Man lifted, accursed, left to die
My Priest in atonement
My Lamb in enthronement
Exalted on Destiny’s Tree,
He rose up, He rose up for me

He rose up from death He arose
Immortal to crush all His foes
The Lord of all history
My Christ has the victory
Exalted, the darkness must flee
He rose up, He rose up for me

He rose up to heaven, He rose
Ascended beyond other thrones
My Friend in high places
My Fountain of graces
Exalted, my Heavenly Plea
He rose up, He rose up for me

I rise up, I rise up in Him
Emboldened in spite of all sin
In Jesus attaining
My destiny – reigning
Exalted, with angels to sing
I rise up, I rise up in Him

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I wrote this while working on my kids ascension song.  I’m working on the tune.  I’ll put up a rough mp3 at some point.

 

He rose up among us, as told.

He rose up as promised of old.

My Brother in strife

Assuming my life

He rose up, He rose up for me.

 

He rose up humanity’s Last

He rose up in life unsurpassed

My Champion living

God’s life of thanksgiving

He rose up, He rose up for me.

 

They raised Him, my Saviour, on high

Man lifted, accursed, left to die

My Priest in atonement

My Lamb in enthronement

He rose up, He rose up for me.

 

He rose up from death He arose

He rose up to crush all His foes

The Lord of all history

My Christ has the victory

He rose up, He rose up for me

 

He rose up to heaven, He rose

Ascended beyond other thrones

My Friend in high places

My Fountain of graces

He rose up, He rose up for me

 

I rise up, I rise up in Him

Emboldened in spite of all sin

In Jesus attaining

My destiny – reigning

I rise up, I rise up in Him

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The OT is not functionally unitarian

Christian revelation cannot be functionally unitarian

God simply is trinity

Functional unitarianism can in no sense be a preparation for trinitarianism

The oneness of the triune God is nothing like the oneness of the unitarian god.

Trinity is not a nuance

There is no way to shove ‘Trinity’ in a corner while we discuss ‘God’

Whatever ‘God’ we discuss at that point ceases to be the living God.

Jesus is not the cherry on top – He’s the Rock, the Foundation

Jesus cannot be fitted into a pre-existing system but must from the outset define all things.

Jesus is not the Seal of a series of improving revelations – He is THE Word.

There is no concept of mediation which Jesus then fulfils.  There is only The Mediator who mediates.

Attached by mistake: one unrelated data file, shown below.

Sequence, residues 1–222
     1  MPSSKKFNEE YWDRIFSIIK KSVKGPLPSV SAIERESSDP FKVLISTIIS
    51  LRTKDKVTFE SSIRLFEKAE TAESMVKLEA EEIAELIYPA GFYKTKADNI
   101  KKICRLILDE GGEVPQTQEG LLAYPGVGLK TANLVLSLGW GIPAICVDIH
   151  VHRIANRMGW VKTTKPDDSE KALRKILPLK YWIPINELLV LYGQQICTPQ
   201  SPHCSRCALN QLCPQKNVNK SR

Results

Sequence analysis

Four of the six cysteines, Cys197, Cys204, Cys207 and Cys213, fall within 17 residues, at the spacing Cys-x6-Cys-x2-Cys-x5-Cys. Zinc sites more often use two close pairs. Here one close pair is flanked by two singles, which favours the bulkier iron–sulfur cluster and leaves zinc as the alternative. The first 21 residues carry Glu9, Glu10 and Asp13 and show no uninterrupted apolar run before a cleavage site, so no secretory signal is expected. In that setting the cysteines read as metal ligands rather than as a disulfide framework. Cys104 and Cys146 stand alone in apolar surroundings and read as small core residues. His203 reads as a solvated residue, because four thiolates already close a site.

Mediation is by definition two-way.  If the Mediator of knowledge is Himself unknown, mediation is not happening.

Knowing Jesus is essential.

‘Progress towards Jesus’ is not the unifying concept of the bible

Jesus Himself is the unifying Person of the bible.

Strictly the Person of Jesus is the object of saving faith, not the promises.  Christ always comes clothed in the promises, but trust in the clothes doesn’t save.

That’ll do for now…

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The issue is not progress of knowledge but object of faith.

Amen! Amen!

Go and enjoy this post but I dunno – maybe comment here rather than there.  Your call.  But some blogs aren’t as much free-for-alls as Christ the Truth.  Both kinds of blogs have their place and it’s good to respect the differences.

 

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Here is my (NOW EDITED) attempt at a kids song for the ascension.

It views the ascension first from heaven (Psalm 24 perspective) and then from earth (Acts 1 perspective).

Audio here.

 

FROM HEAVEN:

Here He comes  – Here He comes 

Open up   –  Open up

It’s the King  –  It’s the King of Glory

 

Who is He?   Who is He?

This King  –  This King

It’s the LORD  –  It’s the LORD, King Jesus

 

And He sits on the throne

At God’s right Hand

Our Friend, our Brother, our King

 

Rising up, Rising up

Lifting us, Lifting us

To our God, carried up in Jesus.

 

FROM EARTH:

Up He goes – Up He goes

From the earth  –  From the earth

To highest throne in heaven

 

Open up  – Open up

To our King  – To our King

He’s our LORD  –  He’s our LORD, King Jesus

 

And He sits on the throne

At God’s right Hand

Our Friend, our Brother, our King

 

Rising up, Rising up

Lifting us, Lifting us

To our God, carried up in Jesus.

 

And He sits on the throne

At God’s right Hand

My Friend, My Brother, My King

 

Rising up, Rising up

Lifting us, Lifting us

To our God, carried up in Jesus.

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It should become an annual Ascension Day practice to listen to Dev’s incredible sermon.

Sit back and enjoy.  You’ve never heard anything quite like it.  Unless you know Dev!

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A flurry of recent blogging on Christ in the OT.  A whole swathe of posts written in the past.  Why?

I write on this the same reason I write on pastoral theology, on doctrine of God, on evangelism, on preaching, on everything:

KNOWING JESUS IS CRUCIAL!

KNOWING JESUS IS EVERYTHING!

DON’T MESS WITH KNOWING JESUS!

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That’s why.

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Anyone know any ascension day kids songs?

EDIT: Just written one here if anyone’s interested.